Atomistic basis of force generation, translocation, and coordination in a viral genome packaging motor

Joshua Pajak, Erik Dill, Emilio Reyes-Aldrete, Mark A. White, Brian A. Kelch, Paul J. Jardine, Gaurav Arya, Marc C. Morais

Research output: Contribution to journalArticlepeer-review

5 Scopus citations


Double-stranded DNA viruses package their genomes into pre-assembled capsids using virally-encoded ASCE ATPase ring motors. We present the first atomic-resolution crystal structure of a multimeric ring form of a viral dsDNA packaging motor, the ATPase of the asccφ28 phage, and characterize its atomic-level dynamics via long timescale molecular dynamics simulations. Based on these results, and previous single-molecule data and cryo-EM reconstruction of the homologous φ29 motor, we propose an overall packaging model that is driven by helical-to-planar transitions of the ring motor. These transitions are coordinated by inter-subunit interactions that regulate catalytic and force-generating events. Stepwise ATP binding to individual subunits increase their affinity for the helical DNA phosphate backbone, resulting in distortion away from the planar ring towards a helical configuration, inducing mechanical strain. Subsequent sequential hydrolysis events alleviate the accumulated mechanical strain, allowing a stepwise return of the motor to the planar conformation, translocating DNA in the process. This type of helical-to-planar mechanism could serve as a general framework for ring ATPases.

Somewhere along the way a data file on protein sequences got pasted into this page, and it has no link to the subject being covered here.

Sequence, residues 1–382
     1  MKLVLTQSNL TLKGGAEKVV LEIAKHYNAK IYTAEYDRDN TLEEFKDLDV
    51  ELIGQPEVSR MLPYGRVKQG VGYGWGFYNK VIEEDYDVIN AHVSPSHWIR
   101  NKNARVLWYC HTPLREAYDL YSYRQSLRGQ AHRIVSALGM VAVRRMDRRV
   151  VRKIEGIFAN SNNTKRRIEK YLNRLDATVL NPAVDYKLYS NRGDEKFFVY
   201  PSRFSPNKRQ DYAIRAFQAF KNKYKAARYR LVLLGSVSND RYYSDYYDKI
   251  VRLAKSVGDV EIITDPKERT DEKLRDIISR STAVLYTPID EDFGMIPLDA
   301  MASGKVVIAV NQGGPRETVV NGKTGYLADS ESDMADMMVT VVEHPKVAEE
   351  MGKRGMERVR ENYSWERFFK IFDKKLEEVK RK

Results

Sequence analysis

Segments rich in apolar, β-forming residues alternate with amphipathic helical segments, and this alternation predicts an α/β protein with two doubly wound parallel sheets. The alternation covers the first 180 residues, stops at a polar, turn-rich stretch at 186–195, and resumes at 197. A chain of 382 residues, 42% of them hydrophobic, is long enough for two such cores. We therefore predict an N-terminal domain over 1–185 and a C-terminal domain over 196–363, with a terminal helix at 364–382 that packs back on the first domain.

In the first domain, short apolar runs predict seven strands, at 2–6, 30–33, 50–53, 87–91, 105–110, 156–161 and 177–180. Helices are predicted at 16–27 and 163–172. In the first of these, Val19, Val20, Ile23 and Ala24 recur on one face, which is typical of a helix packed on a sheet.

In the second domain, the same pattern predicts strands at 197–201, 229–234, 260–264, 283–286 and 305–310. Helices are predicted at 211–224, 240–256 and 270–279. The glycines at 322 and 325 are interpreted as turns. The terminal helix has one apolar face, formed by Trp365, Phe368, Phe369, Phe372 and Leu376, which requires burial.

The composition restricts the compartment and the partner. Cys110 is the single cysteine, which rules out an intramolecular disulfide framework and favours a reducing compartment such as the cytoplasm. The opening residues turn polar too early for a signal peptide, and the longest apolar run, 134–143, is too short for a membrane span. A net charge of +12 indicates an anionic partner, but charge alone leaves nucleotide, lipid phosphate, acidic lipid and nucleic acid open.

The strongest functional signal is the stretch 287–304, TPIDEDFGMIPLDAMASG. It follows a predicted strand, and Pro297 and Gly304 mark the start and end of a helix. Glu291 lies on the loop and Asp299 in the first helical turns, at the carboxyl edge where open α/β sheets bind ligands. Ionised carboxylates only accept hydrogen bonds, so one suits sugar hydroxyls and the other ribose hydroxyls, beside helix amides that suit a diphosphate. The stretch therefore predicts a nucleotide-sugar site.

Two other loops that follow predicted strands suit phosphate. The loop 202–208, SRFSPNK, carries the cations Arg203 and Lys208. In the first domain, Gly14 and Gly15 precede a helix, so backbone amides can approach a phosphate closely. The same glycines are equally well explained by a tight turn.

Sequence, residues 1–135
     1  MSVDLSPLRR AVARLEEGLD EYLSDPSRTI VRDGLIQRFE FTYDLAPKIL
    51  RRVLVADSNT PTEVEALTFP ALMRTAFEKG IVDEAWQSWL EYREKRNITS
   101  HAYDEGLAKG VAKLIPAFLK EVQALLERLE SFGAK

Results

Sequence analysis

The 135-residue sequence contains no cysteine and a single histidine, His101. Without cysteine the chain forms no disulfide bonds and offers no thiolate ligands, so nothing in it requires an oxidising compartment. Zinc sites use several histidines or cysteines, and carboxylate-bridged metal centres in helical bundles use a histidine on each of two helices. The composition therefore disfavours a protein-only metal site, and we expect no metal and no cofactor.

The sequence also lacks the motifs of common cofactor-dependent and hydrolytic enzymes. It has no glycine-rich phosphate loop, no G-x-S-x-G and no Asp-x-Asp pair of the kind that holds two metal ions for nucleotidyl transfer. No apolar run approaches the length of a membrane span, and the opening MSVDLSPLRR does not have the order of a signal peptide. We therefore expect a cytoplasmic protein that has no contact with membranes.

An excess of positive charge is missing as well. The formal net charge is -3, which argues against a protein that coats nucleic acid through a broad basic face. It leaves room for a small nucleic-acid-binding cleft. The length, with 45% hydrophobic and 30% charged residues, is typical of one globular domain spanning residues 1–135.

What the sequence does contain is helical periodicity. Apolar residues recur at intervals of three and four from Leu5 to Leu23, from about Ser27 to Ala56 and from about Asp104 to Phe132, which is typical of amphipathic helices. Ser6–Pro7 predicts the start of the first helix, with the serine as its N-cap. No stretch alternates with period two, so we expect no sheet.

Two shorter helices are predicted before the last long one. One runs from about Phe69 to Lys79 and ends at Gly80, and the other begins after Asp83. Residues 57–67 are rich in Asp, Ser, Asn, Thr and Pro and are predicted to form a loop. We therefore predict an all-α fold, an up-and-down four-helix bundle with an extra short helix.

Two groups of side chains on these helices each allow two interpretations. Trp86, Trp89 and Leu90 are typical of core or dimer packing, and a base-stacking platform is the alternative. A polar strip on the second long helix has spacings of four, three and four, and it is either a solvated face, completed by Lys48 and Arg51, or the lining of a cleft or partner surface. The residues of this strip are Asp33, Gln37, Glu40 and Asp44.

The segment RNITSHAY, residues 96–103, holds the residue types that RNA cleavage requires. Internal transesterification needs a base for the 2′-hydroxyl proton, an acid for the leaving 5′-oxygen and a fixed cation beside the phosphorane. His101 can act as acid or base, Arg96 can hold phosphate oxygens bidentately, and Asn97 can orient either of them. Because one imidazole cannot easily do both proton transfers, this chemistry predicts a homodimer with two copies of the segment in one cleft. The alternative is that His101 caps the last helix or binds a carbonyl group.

Original languageEnglish (US)
Pages (from-to)6474-6488
Number of pages15
JournalNucleic acids research
Issue number11
StatePublished - Jun 21 2021

Bibliographical note

Funding Information:
National Institutes of Health [GM122979 to P.J.J.,M.C.M., GM127365 to M.C.M., GM118817 to G.A.]; National Science Foundation [MCB1817338 to B.A.K.]; Computational resources for short equilibration simulations were provided by the NSF XSEDE Program ACI-1053575; Anton 2 computer time was provided by the Pittsburgh Supercomputing Center (PSC) [R01GM116961] from theNational Institutes of Health; The Anton 2 machine at PSC was generously made available by D.E. Shaw Research. Funding for open access charge: NIH [GM122979].

Publisher Copyright:
© 2021 The Author(s).


Dive into the research topics of 'Atomistic basis of force generation, translocation, and coordination in a viral genome packaging motor'. Together they form a unique fingerprint.

Cite this